Were they perhaps even more receptive given the nature of the show?
JM: Oh, absolutely. You have to realize that some of the people that we had on the show were some of the most incredible military men in the world.
PP: The cool thing is we, as civilians, see the news reports on some of these missions. And we have these guys here. The guys that have worked for us have been on these missions.
Have they advised you in some instances?
PP: Absolutely. We did one episode where one of our guys was stuck in a torpedo tube and we had an ex-member of SEAL Team 6 who’s been on all these missions. He was the guy that worked with the actor hand in hand to get him up to speed, to bring forth his character the way it would be in the real world.
JM: He worked with A.J. Buckley and the performance that A.J. gave was not only incredible, but it was also life-changing for people. And A.J. was able to get there because a) he felt very safe and b) because he had someone who really was there, who really did do it, so there were no ‘kinda maybes.’ It was, ‘It’s like this.’
Do you also work with SEAL consultants?
PP: Our main technical advisor, Tyler Grey, was actually Delta. And then Mark Semos is one of the writers, he was actually a Navy SEAL. Mark Owen, who was our executive producer, was a Navy SEAL.
What are the challenges in coordinating stunts for SEAL Team? Budget, for example, or working on rough terrain or in air and water.
PP: Like you said, the locations. One episode we had a guy jump off an oil rig. So we went out several miles offshore to a working oil rig.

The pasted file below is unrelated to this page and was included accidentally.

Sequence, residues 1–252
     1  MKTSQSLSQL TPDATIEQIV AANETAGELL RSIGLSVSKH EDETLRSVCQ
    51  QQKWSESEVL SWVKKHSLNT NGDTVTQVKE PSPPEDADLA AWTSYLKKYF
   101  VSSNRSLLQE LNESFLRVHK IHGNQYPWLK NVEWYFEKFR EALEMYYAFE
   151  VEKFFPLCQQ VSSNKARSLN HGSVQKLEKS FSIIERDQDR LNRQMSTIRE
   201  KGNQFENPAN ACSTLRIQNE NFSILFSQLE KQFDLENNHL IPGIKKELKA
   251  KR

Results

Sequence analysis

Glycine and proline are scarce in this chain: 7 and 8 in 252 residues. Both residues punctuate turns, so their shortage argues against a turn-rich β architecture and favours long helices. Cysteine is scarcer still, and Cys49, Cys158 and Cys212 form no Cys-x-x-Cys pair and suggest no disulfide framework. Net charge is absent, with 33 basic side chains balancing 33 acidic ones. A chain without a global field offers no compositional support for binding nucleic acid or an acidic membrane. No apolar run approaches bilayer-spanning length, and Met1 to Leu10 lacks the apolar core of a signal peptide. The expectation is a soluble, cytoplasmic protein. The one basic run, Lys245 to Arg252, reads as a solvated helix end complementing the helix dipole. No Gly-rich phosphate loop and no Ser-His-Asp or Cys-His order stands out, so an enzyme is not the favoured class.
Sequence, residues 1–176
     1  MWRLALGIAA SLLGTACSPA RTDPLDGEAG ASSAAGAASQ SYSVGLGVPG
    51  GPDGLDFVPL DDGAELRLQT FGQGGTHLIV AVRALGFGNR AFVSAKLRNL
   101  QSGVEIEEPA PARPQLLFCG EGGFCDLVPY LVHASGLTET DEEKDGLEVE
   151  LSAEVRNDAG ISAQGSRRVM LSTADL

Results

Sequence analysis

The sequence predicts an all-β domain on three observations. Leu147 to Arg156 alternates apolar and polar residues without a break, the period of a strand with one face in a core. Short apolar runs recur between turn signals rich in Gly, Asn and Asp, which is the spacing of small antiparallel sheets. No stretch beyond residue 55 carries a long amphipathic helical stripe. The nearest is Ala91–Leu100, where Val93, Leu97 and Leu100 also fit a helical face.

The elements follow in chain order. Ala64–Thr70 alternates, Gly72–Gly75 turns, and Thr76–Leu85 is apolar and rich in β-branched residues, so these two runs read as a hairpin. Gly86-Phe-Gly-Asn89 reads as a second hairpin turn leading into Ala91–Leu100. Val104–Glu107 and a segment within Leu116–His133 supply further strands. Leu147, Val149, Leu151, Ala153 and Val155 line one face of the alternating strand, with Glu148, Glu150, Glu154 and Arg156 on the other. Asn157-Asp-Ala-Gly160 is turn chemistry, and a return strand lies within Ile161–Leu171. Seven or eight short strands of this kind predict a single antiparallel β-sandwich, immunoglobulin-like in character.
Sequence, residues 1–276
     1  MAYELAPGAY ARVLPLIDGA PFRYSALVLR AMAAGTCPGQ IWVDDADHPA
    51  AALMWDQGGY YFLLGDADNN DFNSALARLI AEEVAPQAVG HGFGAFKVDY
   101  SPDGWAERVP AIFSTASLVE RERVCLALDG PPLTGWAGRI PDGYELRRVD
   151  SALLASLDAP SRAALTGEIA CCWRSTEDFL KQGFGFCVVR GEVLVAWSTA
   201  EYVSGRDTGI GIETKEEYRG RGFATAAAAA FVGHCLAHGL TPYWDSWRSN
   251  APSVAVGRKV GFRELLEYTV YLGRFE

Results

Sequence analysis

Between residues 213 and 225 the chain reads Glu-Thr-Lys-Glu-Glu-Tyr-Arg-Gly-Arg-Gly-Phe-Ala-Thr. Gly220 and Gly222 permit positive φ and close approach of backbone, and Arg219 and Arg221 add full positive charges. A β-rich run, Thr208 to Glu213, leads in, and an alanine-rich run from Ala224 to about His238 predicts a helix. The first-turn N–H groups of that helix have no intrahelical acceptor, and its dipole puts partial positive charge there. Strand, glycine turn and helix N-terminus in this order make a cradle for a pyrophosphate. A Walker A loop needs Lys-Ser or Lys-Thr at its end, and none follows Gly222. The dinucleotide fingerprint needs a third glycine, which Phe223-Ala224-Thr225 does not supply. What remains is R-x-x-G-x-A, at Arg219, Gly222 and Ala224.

JM: And it was a hundred feet he had to jump in full kit.
What’s been the most challenging scene to coordinate?
JM: The SPIE rig, which is an acronym for Special Control Insertion/Extraction. And we had these guys basically being picked up off of a mountaintop. The SPIE rope drops down and the guys clip in, and this helicopter, a Black Hawk, lifts them several hundred feet in the air. We took a lot of time with that and I know it cost the company a lot of money, but safety was really important. Normally, you always have safety meetings before you do stunts and they usually last about five or six minutes. We did an hour-and-a-half safety meeting because we wanted everybody to have a say, ’til everybody felt like they understood what their job was and when it was going to happen. Then we rehearsed it in gradients. We took them up 15 feet, then we took them up 50 feet ‘til everybody felt that they got it. By the time it came to do the shot, it just went off perfectly.
PP: That particular gag was something we, the stunt team, had talked about wanting to do basically since the pilot because it’s a pretty neat-looking shot.
You’re Emmy-nominated for your work on SEAL Team. What do stunt coordinators look for in nominating their colleagues?
JM: I think it’s variety, showing that you have the capacity to do a plethora of different things that are interesting and new. I think it’s also what did it take to coordinate that. There’s a lot of difference between coordinating a fight and coordinating something like the SPIE rig. It also is just the ‘wow’ factor. The two times that Peewee won, you could hear the audience at the Emmys gasp and that’s what we want. We want the audience to lift themselves out of their seats and feel that thrill, and that’s what makes it outstanding.
Featured image: L-r: David Boreanaz, Neil Brown Jr., and Max Thieriot. Courtesy CBS.